Twitter Makes Fans Part of Oscar Night But the Stars Play Hard-to-Get
An examination of Twitter traffic reveals how, and what, was hot during the Oscars but also finds Tinsel Tone is much less likely to engage fans than are more prosaic industries.
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Between mani cams and after-party menus, the mystique of the Oscars is falling to the wayside thanks to social media. When you have celebrities taking selfies on the red carpet - and a guest dressed in a bear suit -- the glamor of Hollywood doesn't feel all that out of reach to the people sitting at home.
In fact, consumers have never felt more attached to their favorite stars on social. According to data from The Q1 2016 Sprout Social Index, the average media and entertainment brand receives about 3,000 messages a month on Twitter and Facebook (compared to just 900 inbound messages across other industries). Meanwhile, these brands are the worst at responding, at a rate of just 6.6 percent (compared to 10.7 percent for other industries).
The Academy Awards provide a snapshot into this growing trend. As people chatted up a storm around the entertainment industry on its biggest night of the year, the official #Oscars (and #Oscar) hashtag spiked by a whopping 1,257 percent in just 24 hours.
But the conversation wasn't just around the #Oscars itself. There were a few other notable moments happening on social that deserve a closer look.
Competing interests on Twitter.
Twitter was ablaze with people speaking out against the lack of diversity during this year's Oscars. Some Hollywood heavyweights even boycotted the ceremony all together.
As a result, the #OscarsSoWhite hashtag attracted a lot of attention, earning 10 percent share of social voice among #Oscars (and #Oscar) as well as #AcademyAwards this month.
During the big event, however, #OscarsSoWhite dipped to 5 percent, as #Oscars (and #Oscar) reached a 91 percent share of social voice. That said, #OscarsSoWhite still managed to outperform #AcademyAwards by 2 percent.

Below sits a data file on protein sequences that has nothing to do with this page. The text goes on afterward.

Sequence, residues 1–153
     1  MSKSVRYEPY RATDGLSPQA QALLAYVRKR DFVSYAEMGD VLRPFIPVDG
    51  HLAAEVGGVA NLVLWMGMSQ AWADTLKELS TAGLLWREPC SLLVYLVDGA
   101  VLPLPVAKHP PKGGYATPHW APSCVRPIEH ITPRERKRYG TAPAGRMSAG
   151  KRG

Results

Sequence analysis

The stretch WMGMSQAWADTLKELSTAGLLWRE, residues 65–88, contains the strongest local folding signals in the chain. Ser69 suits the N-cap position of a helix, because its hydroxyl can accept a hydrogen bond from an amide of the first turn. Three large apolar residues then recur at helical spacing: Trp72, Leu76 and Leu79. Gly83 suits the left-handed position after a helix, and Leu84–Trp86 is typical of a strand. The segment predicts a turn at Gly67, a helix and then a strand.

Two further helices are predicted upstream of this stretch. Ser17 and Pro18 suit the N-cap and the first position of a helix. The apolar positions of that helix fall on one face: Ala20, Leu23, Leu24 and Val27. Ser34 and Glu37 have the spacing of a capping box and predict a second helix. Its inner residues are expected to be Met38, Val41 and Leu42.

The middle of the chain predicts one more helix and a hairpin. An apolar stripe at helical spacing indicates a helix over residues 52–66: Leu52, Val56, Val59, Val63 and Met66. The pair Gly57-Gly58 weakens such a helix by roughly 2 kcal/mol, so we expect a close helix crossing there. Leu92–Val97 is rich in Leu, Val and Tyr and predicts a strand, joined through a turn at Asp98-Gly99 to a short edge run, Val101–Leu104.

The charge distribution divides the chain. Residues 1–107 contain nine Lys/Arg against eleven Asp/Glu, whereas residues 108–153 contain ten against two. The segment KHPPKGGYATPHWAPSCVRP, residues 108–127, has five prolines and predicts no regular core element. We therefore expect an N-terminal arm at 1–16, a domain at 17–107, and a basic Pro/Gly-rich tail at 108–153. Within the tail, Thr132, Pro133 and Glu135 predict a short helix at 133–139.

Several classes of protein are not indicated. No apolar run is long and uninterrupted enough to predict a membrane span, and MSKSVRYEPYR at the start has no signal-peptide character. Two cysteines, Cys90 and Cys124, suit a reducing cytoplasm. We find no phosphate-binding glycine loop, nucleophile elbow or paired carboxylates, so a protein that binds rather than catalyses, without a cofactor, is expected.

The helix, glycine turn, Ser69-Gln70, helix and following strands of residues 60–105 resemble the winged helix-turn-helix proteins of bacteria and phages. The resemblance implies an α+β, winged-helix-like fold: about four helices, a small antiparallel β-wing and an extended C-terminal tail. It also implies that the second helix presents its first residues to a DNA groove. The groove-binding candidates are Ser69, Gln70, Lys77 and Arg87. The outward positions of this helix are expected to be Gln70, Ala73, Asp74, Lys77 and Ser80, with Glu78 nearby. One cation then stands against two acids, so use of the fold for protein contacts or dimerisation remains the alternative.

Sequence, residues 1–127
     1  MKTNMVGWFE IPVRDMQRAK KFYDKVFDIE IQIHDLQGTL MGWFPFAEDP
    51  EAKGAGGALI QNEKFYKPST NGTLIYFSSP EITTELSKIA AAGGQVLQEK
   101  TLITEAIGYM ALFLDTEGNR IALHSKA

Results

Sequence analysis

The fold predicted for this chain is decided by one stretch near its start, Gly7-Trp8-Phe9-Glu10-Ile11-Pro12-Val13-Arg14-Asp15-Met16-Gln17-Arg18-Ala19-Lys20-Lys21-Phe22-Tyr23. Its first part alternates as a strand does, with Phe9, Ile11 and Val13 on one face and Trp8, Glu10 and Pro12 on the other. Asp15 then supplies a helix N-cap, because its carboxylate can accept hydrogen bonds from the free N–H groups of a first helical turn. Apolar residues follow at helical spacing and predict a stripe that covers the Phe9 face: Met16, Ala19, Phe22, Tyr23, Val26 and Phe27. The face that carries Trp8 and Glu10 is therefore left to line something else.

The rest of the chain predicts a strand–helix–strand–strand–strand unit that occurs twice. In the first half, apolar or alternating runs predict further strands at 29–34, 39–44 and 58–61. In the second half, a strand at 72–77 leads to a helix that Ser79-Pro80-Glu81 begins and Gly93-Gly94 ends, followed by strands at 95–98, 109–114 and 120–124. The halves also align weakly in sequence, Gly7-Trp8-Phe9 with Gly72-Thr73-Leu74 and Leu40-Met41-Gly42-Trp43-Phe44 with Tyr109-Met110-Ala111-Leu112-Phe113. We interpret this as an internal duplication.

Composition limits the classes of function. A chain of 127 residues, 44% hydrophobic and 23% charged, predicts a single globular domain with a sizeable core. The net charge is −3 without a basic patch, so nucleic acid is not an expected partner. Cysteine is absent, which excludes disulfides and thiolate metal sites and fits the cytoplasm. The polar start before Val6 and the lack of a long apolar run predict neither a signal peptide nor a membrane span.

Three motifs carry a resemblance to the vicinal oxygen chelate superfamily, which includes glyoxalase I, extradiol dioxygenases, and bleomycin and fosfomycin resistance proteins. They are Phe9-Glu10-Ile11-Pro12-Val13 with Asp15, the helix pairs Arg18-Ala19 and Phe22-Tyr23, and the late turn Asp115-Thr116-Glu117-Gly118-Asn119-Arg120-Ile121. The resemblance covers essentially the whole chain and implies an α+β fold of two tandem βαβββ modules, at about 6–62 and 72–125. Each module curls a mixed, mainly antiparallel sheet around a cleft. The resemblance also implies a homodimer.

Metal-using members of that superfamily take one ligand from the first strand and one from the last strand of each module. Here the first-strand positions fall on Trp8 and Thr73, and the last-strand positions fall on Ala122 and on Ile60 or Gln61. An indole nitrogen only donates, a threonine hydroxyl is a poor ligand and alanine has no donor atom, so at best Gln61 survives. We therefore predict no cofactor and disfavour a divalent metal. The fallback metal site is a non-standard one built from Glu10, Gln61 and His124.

Social spikes for the night's brightest stars.
As expected, Best Actor Leonardo DiCaprio and Best Actress Brie Larson received a boon on Twitter, with DiCaprio mentions spiking by 387 percent from Saturday to Sunday and Larson mentions skyrocketing by 452 percent during the same time period.
Of course, hosting the Oscars is a competition in its own right too, as one year's emcee is invariably compared to the next. In 2015, Neil Patrick Harris owned the social mic for the night, seeing a 284 percent increase in mentions from Saturday to Sunday.
So was the always-outspoken Chris Rock able to outpace him? According to Sprout Social's data, not quite. Rock mentions increased by 265 percent in the same 24-hour timeframe.
The red carpet battle, from TV to Twitter.
While the Oscars air on ABC, the event is also covered by a variety of other networks. So which red carpet coverage resonated the most with fans on Twitter, and how did this compare to last year's brouhaha?
In 2015, @eonline was the clear winner, earning 56 percent share of social voice. This year, @abc dominated at 62 percent.
Is the industry tone deaf?
With all the conversation happening around the industry on social, you might expect Hollywood to take the opportunity to engage with fans in a more meaningful way. But history suggests that on Facebook and Twitter at least, Tinsel Town is tone deaf. In fact, for every nine promotional messages the industry sends out, it issues just one response to a fan.
This misguided strategy probably won't be sustainable for long. Nielsen reports that social engagement is now viewed as a key factor in media planning and buying, because it provides a better indication of audience preferences. Thus, smart brands (celebrity or otherwise) will start responding to fans more often, recognizing that social is very different from TV and, therefore, no place for an ongoing acceptance speech.